Imperial Valley officials are reportedly close to finishing an important habitat restoration project at the Salton Sea. The remake of Red Hill Bay was supposed to be a model for a management plan around the shrinking lake, but the effort is two years overdue and still months away from completion. The Salton Sea needs a management plan because water is evaporating faster than it’s being replaced, and that’s leaving large swaths of lakebed exposed to the elements. “You got the Salton Sea probably a mile out there. Along the shoreline. You see the playa here,” said Bruce Wilcox, California Resources Agency Assistant Secretary of Salton Sea Policy.

Historic Pipeline Project Boosts Long-Term Water Reliability

San Diego County Water Authority crews successfully completed the first of three coordinated shutdowns of the First Aqueduct in early March to launch a major renovation of dozens of structures on two pipelines, including the historic Pipeline 1 that first delivered imported water to the region in 1947. The series of shutdowns was carefully planned for nearly four years to minimize impacts on the community and retail water agencies during retrofits of Pipelines 1 and 2, which comprise the First Aqueduct.

California Is Now Drought-Free, Monitor Says. Wait, Didn’t That Happen 2 Years Ago?

Thanks to a wet winter across the state, the entirety of California is free of drought for the first time since 2011, according to the U.S. Drought Monitor’s Thursday update. Don’t confuse that with former Gov. Jerry Brown’s April 2017 announcement that the statewide drought had officially ended. The drought officially began with Brown’s declaration of a state of emergency in January 2014.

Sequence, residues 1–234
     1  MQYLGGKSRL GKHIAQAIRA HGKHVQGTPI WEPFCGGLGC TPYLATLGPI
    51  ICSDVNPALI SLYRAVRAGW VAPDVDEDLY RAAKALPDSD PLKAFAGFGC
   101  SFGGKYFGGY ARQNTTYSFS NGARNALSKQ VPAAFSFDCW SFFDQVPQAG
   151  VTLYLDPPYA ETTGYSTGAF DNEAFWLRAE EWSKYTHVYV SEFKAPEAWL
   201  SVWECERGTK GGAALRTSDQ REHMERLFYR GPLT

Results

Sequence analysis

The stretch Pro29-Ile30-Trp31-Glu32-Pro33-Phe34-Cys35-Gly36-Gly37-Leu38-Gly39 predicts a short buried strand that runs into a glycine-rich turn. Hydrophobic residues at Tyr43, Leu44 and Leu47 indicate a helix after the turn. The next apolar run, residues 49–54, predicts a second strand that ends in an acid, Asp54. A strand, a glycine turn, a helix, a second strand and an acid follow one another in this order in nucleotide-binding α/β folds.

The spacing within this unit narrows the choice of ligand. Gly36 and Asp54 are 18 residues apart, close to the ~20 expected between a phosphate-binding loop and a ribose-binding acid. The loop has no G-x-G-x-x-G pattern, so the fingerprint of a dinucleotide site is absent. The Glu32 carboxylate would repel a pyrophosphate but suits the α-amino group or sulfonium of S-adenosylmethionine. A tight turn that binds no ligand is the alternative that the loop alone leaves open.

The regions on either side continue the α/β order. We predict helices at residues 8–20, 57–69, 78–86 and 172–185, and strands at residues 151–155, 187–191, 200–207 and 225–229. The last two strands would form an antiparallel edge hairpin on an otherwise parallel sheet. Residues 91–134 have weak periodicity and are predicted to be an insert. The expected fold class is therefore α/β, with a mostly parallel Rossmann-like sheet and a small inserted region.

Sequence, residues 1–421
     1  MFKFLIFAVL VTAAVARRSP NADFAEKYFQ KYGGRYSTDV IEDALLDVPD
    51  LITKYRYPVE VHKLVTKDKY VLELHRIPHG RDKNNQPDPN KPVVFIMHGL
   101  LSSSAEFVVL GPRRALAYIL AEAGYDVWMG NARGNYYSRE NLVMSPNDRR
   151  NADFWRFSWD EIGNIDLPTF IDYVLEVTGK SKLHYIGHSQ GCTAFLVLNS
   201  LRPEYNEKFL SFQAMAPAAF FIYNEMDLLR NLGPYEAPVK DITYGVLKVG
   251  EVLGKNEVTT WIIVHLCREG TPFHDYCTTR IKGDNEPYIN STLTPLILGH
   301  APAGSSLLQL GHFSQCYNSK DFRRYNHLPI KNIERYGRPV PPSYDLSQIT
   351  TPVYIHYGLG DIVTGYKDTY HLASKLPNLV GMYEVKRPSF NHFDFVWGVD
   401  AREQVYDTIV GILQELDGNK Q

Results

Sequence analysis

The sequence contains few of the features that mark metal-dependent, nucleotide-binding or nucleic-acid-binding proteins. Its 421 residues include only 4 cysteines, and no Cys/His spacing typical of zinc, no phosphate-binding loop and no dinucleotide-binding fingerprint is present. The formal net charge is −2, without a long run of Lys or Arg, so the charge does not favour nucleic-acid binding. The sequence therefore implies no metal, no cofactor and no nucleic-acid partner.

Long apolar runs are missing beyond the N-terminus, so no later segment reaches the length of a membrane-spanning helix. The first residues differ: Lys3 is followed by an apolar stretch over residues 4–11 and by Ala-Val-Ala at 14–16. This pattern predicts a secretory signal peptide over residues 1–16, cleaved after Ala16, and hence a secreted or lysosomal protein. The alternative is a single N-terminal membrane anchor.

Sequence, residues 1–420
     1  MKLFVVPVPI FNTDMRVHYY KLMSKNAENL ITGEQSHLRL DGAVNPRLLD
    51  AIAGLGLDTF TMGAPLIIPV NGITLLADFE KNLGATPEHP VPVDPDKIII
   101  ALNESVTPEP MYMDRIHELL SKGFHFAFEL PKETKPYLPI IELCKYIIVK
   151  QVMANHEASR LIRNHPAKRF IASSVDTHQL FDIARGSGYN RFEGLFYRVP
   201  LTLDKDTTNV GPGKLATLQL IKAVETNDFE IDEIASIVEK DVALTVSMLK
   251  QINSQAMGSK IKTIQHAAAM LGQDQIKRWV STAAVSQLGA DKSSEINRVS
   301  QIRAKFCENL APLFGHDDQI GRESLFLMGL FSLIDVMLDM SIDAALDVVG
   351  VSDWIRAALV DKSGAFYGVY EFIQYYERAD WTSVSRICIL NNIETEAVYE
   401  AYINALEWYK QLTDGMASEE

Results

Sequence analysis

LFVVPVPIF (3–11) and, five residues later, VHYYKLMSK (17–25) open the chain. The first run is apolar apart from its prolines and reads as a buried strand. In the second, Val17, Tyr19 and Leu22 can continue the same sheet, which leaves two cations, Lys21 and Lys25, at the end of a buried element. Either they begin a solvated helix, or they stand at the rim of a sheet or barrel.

Two California Water Agencies Battling Over Colorado River Drought Plan

A major Southern California water agency is trying to push the state through a final hurdle in joining a larger plan to preserve a key river in the U.S. West that serves 40 million people. Most of the seven states that get water from the Colorado River have signed off on plans to keep the waterway from crashing amid a prolonged drought, climate change and increased demands. But California and Arizona have not, missing deadlines from the federal government.

California Is Drought-Free For The First Time In Nearly A Decade

It’s official: California is 100% drought-free. For the first time since 2011, the state shows no areas suffering from prolonged drought and illustrates almost entirely normal conditions, according to a map released Thursday by the U.S. Drought Monitor. Former Gov. Jerry Brown issued an executive order in 2017 that lifted the drought emergency in most of the state, leaving some breathing a sigh of relief. But he cautioned Californians to keep saving water as some parts of the state were still suffering from extreme drought.